The importance of attitude: Being good at something and having a passion for it are essential to finding your element but not enough. It also takes attitude. There are many stories of people who have what some would call ‘good luck’ and hearing about their successes can be a bit depressing. They say, ‘When it comes to me – I just don’t have that kind of luck!’ Richard Wiseman writes about his study of four hundred exceptionally lucky and unlucky people. He found that those who considered themselves lucky tended to exhibit similar attitudes and behaviours. Their unlucky counterparts tended to exhibit opposite traits. The lucky ones maximise their chance opportunities and listen to their intuition and anticipate a positive outcome. They persevere even when the circumstances aren’t all positive.
Attitude & Perseverance: For instance, in 1931 John Wilson, at the age of twelve had an accident in the chemistry lab that caused him to be blind. He didn’t look at the incident as a tragedy and knew he had the rest of his life to live. He learned braille and continued his education in law at Oxford. After receiving his degree, he worked for the national institute for the blind. While in Africa he found there was rampant blindness caused by a disease that could be treated. He formed the British empire society for the blind where he served for 30 years. He travelled 50,000 miles a year. In 1950 he lived in a mud hut in Ghana to seek a treatment for river blindness that was affecting 10% of the population. Under his direction the organisation conducted three million cataract operations and treated twelve million others at risk of becoming blind and was active in so many more projects. He was knighted in 1975 and some have compared his accomplishments with those of Mother Teresa. He lost his sight and found a vision. But it took a positive attitude and a lot of perseverance.
Amateur & Professional: We have the terms amateur and professional which basically separates those who do something for a hobby and those who do it for a living. There is also a connotation that the amateurs are second rate, performing below professional levels. There can be a significant difference in the quality and expertise but it’s also possible for people to perform at a professional level but are involved in their spare time. To be in your element, it isn’t necessary to drop everything else and do it all day, every day. For some it would be impossible to leave their current job and pursue their passion full time as they wouldn’t have the income, or it just wouldn’t be practical. Many have a hobby that is their passion that they create space for in their weekly schedule. The fulfilment, satisfaction and excitement of the hobby can give energy to do their 9-5 job which is simply to provide the money to live! The involvement of your element in your hobby or recreation time, if it’s not in your day job, provides a balance between making a living and making a life.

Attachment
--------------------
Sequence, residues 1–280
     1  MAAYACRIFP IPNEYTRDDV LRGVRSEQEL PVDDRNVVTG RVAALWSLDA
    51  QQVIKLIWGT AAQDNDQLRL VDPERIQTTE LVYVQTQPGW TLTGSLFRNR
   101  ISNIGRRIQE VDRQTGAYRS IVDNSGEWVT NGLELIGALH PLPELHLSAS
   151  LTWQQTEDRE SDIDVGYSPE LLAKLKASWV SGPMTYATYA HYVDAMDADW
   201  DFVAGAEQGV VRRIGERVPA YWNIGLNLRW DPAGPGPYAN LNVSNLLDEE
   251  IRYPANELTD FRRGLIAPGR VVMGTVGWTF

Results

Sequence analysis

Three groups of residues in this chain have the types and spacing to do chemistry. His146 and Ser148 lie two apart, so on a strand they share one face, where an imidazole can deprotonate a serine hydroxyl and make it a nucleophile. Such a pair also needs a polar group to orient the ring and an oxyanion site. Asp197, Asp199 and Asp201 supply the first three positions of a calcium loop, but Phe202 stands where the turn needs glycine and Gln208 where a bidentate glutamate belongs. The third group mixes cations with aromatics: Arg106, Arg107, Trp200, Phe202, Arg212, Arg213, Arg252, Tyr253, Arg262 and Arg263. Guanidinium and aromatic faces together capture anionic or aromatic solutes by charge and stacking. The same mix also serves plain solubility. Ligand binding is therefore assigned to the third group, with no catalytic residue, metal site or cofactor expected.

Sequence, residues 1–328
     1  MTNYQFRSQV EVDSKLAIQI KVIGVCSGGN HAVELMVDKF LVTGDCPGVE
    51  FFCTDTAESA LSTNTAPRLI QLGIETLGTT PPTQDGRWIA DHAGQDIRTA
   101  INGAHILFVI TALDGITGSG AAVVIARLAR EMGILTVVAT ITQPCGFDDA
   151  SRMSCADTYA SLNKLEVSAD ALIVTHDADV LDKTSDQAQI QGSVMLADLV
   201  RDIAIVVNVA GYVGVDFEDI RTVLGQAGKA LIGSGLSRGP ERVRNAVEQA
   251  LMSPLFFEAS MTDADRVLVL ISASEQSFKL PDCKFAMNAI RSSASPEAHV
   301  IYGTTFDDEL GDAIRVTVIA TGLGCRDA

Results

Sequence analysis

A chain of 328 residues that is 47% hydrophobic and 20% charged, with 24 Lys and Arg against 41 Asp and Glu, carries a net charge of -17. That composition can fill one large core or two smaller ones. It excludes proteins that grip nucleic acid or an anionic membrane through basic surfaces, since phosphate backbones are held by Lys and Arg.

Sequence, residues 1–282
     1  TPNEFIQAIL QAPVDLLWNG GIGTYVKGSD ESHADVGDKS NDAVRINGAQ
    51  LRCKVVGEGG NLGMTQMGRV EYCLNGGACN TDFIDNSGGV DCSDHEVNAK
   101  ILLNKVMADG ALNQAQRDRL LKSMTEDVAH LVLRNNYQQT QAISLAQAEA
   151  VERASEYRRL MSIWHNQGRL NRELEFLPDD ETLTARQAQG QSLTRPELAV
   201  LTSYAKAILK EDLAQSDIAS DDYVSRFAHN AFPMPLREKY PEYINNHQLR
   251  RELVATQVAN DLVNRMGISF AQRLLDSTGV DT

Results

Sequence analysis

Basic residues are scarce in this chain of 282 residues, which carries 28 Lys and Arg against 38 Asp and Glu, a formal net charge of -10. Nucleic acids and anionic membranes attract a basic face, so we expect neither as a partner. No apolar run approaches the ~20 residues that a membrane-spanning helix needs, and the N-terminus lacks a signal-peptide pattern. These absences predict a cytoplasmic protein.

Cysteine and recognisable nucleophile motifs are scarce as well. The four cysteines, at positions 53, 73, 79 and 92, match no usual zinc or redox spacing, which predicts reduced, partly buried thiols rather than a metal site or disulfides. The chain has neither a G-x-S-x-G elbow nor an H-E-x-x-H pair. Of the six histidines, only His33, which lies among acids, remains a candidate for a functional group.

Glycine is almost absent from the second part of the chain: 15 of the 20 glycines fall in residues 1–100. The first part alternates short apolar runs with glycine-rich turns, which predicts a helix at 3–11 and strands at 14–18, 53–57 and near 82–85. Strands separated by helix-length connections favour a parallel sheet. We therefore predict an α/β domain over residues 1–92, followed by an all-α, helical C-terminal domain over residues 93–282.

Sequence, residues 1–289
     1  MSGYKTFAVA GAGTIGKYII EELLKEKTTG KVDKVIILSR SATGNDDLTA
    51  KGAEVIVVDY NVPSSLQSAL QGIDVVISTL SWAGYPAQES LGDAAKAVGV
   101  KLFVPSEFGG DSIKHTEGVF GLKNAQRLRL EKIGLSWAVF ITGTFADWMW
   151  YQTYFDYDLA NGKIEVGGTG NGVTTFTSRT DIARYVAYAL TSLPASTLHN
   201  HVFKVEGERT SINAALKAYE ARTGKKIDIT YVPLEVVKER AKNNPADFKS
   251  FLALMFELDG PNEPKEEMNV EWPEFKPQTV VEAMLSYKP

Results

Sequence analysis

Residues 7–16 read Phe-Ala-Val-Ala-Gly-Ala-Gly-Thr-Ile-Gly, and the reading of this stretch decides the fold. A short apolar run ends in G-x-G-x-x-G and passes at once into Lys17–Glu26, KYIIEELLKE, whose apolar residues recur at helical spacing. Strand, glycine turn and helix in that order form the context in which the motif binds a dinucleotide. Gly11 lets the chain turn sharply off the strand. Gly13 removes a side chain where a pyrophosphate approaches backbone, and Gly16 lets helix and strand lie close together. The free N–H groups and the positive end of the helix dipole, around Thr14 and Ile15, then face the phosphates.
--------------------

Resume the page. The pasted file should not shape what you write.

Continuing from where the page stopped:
I discovered my element at thirty-eight years of age. Through a conversation with a leader from Navigators, I recognised my love for developing leaders, took a master’s degree in leadership development and have been running courses and speaking on the subject for the last thirty years. However, I have another passion that has been with me from the age of thirteen – a love for music and song writing. Over the years I have wondered whether I should have gone into music full time and sometimes feel a sense of regret. However, I have made it a hobby of worship leading and playing the piano whenever I have the opportunity. Playing helps me to feel alive and transports me into another zone!
It may be that an average office worker receives more financial security than I receive as a missionary focusing on leadership development and relying on support, but the question is ‘does the role you are involved in really matter to you and is it fulfilling?’
Faith & Presumption: There is a fine line between believing for your dream to come true and trusting for the impossible. We do need to have a reality check to acknowledge when some of our dreams really do move into the realm of the impossible. I will never be a famous musician but in my retirement years, I could still be in a band of sorts! There are aways a multitude of things that are in our reach with a lot of help from God, our friends and divine contacts who are able to open doors of opportunity for us.
Are you in your element? If not it’s never too late. What do you enjoy? What has the Lord anointed? What has been fruitful? When do you feel like you are in your zone? What brings a sense of fulfilment? Why not take a retreat and ask some of these questions and see if the Lord highlights some things for you. If nothing comes, step out and do something different, explore, be open for new directions and take some risks.
Discovering your element doesn’t promise to make you richer or more famous but it will bring a new richness to your life.
May you all have the joy of discovering your passion and start to live in your element.
Until next month